In a career made as much of music as ups and downs, the story of how one song revitalized George Clinton’s career is one of the most surprising.
Actually, twenty years have now passed since the legendary Gordon Parks photographed 177 hip-hop artists and collaborators in a single image in Harlem. It was a once-in-a-lifetime gathering. People are still talking about it. To celebrate the anniversary, here’s the story of what it was like from someone who was there.
“I’ve got this feeling that I really know New York very well and will be at home there.” A look back at the producer’s time in New York from 1978-1984:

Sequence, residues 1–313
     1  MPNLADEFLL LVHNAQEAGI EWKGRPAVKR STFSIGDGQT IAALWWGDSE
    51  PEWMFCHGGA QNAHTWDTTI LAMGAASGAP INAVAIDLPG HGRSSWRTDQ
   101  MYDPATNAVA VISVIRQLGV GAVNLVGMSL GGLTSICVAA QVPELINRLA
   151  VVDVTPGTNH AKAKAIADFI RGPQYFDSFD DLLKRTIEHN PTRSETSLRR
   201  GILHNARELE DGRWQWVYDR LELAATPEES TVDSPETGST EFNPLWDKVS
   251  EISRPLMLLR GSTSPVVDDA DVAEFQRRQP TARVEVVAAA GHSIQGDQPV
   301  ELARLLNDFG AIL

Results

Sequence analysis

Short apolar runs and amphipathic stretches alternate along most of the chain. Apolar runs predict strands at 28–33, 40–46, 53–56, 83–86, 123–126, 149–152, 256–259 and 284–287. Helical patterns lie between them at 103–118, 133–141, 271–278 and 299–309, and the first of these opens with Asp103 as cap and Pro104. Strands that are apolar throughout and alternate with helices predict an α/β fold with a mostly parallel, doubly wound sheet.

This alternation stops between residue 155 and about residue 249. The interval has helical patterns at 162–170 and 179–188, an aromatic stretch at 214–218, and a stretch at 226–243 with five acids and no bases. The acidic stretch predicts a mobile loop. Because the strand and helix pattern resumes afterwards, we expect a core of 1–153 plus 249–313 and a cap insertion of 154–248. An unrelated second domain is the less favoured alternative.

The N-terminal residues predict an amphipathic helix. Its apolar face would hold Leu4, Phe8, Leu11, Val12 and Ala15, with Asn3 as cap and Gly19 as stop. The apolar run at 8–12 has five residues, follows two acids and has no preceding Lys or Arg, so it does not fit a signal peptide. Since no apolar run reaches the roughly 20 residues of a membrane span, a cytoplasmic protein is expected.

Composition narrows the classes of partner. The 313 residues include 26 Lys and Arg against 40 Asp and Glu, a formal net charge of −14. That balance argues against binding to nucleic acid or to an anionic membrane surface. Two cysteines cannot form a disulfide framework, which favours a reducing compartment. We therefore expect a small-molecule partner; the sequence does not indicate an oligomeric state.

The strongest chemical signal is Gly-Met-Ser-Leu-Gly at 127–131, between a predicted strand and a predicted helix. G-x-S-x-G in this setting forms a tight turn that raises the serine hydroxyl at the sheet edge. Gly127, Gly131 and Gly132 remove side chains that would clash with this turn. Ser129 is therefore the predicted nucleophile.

“Within a few years of the Disc interview, he was spending extended periods of time in Manhattan. Then he moved wholesale and made New York his base for over half a decade. The ensuing period is without doubt the most fertile and impressive stretch of his life’s work, which included not just music but video art as well. Eno fed off New York’s border-crossing artistic energy, while catalyzing and contributing to it. There were also more playful ‘lifestyle’ reasons why Eno settled in Manhattan. ‘I moved to New York City because there are so many beautiful girls here,” he told Lester Bangs in 1979. “More than anywhere else in the world.'”